my guess is you did the split-plot (between- and within- groups) ANOVA right because it only requires you to enter data correctly into SPSS and to do a few clicks here and there, so i'd go with those results. but the regression version of it was definitely not done right.

you can justify either/or because, if you do both correctly, they should give you the same results, since both are instantiations of the general linear model.

5. ## Re: Moderated multiple regression and mixed factorial ANOVA

thank you! this is really helpful. I have two other questions for you. first, i want to see whether stigma was reduced regardless of what condition people were in. Would this be a simple paired samples t-test or repeated measures analysis (controlling for condition). In other words, do I have to control this categorical variable (i.e. condition) to see whether the mean differed between pre-intervention and post-intervention, regardless of anything else.

second, this study is much more complex. both groups were given two vignettes (person with depression and person with schizophrenia). i noticed that the stigma differed between both illnesses (i.e. higher stigma toward someone with schizophrenia than someone with depression). i noticed after the intervention, the gap narrowed. In other words, both had similar means and was non-significant. I want to show this phenomenon. Can i simply conduct a paired samples t-test comparing the mean difference of the pre-vignettes (Pre:schizo-dep) with the mean difference of the post-vignettes (Post:schizo-dep)?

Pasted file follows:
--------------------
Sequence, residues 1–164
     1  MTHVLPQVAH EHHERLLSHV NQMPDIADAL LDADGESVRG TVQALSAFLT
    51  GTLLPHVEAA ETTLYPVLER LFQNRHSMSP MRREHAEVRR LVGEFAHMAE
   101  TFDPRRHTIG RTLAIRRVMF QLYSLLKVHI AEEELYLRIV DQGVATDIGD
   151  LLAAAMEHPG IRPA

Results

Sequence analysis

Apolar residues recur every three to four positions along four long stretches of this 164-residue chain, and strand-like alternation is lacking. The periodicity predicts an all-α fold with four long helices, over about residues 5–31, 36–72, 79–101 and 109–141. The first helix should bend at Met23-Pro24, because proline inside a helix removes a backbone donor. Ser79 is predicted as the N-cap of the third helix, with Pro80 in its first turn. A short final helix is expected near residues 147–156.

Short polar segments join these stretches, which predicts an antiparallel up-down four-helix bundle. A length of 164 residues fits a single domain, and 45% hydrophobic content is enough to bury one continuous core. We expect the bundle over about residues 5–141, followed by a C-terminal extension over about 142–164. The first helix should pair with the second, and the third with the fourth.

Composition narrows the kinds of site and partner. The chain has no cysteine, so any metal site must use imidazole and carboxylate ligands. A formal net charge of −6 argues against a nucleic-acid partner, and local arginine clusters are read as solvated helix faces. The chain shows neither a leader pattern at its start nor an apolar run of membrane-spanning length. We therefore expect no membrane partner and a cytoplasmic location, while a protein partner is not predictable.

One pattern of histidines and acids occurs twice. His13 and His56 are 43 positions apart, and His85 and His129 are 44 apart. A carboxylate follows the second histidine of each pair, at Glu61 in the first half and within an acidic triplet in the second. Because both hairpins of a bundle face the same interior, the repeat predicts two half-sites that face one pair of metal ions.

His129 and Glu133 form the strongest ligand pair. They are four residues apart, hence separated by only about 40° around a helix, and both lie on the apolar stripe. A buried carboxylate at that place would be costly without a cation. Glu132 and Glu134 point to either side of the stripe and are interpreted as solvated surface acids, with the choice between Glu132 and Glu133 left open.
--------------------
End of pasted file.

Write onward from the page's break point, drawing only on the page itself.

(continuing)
6. ## Re: Moderated multiple regression and mixed factorial ANOVA

Hi folks, i need help regarding multiple moderated regresison analysis in SPSS.

I have one independent variable (X), one Dependent variable (Y) and six moderator variables (Z1, Z2......Z6).

My Dependent varibale is measured on 10-point semantic diffirential scale. i measured it by asking two questions in my survey. So now i took the mean of both the questions which made it approximately (Ratio) continous variable as far as i think.

My Independent varibale is also measured on 10-point semantic differential scale and i used the same techniqu as above to make it (Ratio) or close to continous.

My all moderators are measured on 7-point likert scale. Therefore i multiplied my dependent and independent variables with 0.7 to reduce them to the scale of all moderators for analyses in SPSS.

X has a strong positive linear relationship with Y and i am looking for the potential moderators from Z1.....Z6 which moderates the relationship between X and Y.

I have created all the interaction terms ie Z1*X....Z6*X. The question is.

1) Can i build different models from testing each moderator? for example model 1 with X, Z1 and X*Z1 and see if Z1 moderates the X Y relationship and then build another model with X, Z2, X*Z2 to see if Z2 moderates the relation between X Y .....so on upto 6.

OR

2) Do i have to build only One model with X, (Z1....Z6) and Z1*X....Z6*X. to see which all potential moderators moderates the relation between X and Y.

Now the problem i have is, when i build saperate models for each moderator variable with interaction terms, i get some good results as expected but when i build only one model with all the independent variables, moderator variables and interaction terms i do not get the results as expected.

I just want to ask if 1) is the right way or you can say..is not the wrong way for doing analysis in this case.

Thank you